RHETORIC & WRITING
Writing about Literature
The Writing Process
When an assignment allows you to create your own topic, you will much more likely build a lively and engaging essay from a particular insight or question that captures your attention and makes you want to say something, solve a problem, or stake out a position. The best papers originate in an individual response to a text and focus on a genuine question about it. Even when an instructor assigns a topic, the effectiveness of your essay will largely depend on whether or not you have made the topic your own, turning it into a question to which you discover your own answer.
Often we refer to "finding" a topic, as if there are a bevy of topics "out there" just waiting to be plucked like ripe fruit off the topic-tree. In at least two ways, that’s true. For one thing, as we read a literary work, certain topics often do jump out and say, "Hey, look at me! I’m a topic!" A title alone may have that effect: What rises and converges in "Everything That Rises Must Converge"? Why is Keats so keen on that darn nightingale; what does it symbolize for him? Why does Wilde think it’s important not to be earnest?
For another thing, certain general topics can be adapted to fit almost any literary work. In fact, that’s just another way of saying that there are certain common types (or subgenres) of literary essays, just as there are of short stories, plays, and poems. For example, one very common kind of literary essay explores the significance of a seemingly insignificant aspect or element of a work—a word or group of related words, an image or image-cluster, a minor character, an incident or action, and so on. Equally common are character-focused essays of three types. The first explores the outlook or worldview of a character and its consequences. The second considers the way a major character develops from the beginning of a literary work to its end. The third analyzes the nature and significance of a conflict between two characters (or two groups of characters) and the way this conflict is ultimately resolved. (Many of the arguments about Antigone excerpted in chapter 31 do this.) Especially when you’re utterly befuddled about where to begin, it can be very useful to keep in mind these generic topics and essay types and to use them as starting points. But remember that they are just starting points. One always has to adapt and narrow a generic topic such as "imagery" or "character change" in order to produce an effective essay. In practice, then, no writer simply "finds" a topic; he or she makes one.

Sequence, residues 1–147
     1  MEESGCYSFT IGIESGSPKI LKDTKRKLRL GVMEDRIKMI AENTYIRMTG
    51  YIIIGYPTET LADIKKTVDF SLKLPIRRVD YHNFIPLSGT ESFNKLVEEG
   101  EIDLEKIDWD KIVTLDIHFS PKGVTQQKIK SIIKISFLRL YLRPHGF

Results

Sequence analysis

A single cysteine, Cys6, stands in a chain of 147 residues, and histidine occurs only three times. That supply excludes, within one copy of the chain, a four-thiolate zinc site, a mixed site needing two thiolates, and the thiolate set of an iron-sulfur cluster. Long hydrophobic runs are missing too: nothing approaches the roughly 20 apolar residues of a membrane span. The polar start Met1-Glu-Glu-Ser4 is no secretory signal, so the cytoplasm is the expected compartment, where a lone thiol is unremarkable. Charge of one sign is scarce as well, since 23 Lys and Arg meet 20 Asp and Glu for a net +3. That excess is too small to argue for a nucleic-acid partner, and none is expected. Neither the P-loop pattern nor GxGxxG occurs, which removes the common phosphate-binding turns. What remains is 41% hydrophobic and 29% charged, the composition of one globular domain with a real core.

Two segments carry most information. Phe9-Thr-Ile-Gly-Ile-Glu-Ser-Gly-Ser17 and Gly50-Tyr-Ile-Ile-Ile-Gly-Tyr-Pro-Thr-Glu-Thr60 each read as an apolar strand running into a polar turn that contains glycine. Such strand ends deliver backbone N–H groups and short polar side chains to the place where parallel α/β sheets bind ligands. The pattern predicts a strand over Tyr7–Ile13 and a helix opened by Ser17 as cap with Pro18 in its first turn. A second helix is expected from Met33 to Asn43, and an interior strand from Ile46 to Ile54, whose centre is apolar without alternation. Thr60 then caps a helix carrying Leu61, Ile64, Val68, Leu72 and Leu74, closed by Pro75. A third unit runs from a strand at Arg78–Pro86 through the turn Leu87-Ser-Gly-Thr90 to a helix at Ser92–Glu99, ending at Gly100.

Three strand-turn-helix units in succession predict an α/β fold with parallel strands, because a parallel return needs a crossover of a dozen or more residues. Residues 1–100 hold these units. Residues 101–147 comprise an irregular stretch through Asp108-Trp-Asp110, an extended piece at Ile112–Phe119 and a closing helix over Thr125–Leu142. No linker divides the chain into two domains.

Similarly, though the topic that leaps out at you immediately might end up being the one you find most interesting, you can only discover that by giving yourself some options. It’s always a good idea to initially come up with as many topics as you can. Test out various topics to see which one will work best. Making yourself identify multiple topics will lead you to think harder, look more closely, and reach deeper into yourself and the work.
Here are some additional techniques to identify potential topics. In each case, write your thoughts down. Don’t worry at this point about what form your writing takes or how good it is.
- Analyze your initial response.
If you’ve chosen a text that you feel strongly about, start with those responses. Try to describe your feelings and trace them to their source. Be as specific as possible. What moments, aspects, or elements of the text most affected you? Exactly how and why did they affect you? What was most puzzling? amusing? annoying? intriguing? Try to articulate the question behind your feelings. Often, strong responses result when a work either challenges or affirms an expectation, assumption, or conviction that you, the reader, bring to the work. Think about whether and how that’s true here. Define the specific expectation, assumption, or conviction. How, where, and why does the text challenge it? fulfill and affirm it? Which of your responses and expectations are objectively valid, likely to be shared by other readers?
- Think through the elements.
Start with a list of elements and work your way through them, thinking about what’s unique or interesting or puzzling about the text in terms of each. When it comes to tone, what stands out? What about the speaker? the situation? other elements? Come up with a statement about each. Look for patterns among your statements. Also, think about the questions implied or overlooked by your statements.
- Pose motive questions.
In articulating a motive in your essay’s introduction, your concern is primarily with the readers, your goal being to give them a solid reason to keep on reading. But you can often work your way toward a topic (or topics) by considering motive. As suggested earlier (33.3.1), there are three common motives. Turn each one into a question in order to identify potential topics:
- What element(s) or aspect(s) of this work might a casual reader misinterpret?
- What interesting paradox(es), contradiction(s), or tension(s) do you see in this text?
- What seemingly minor, insignificant, easily ignored element(s) or aspect(s) of this text might in fact have major significance?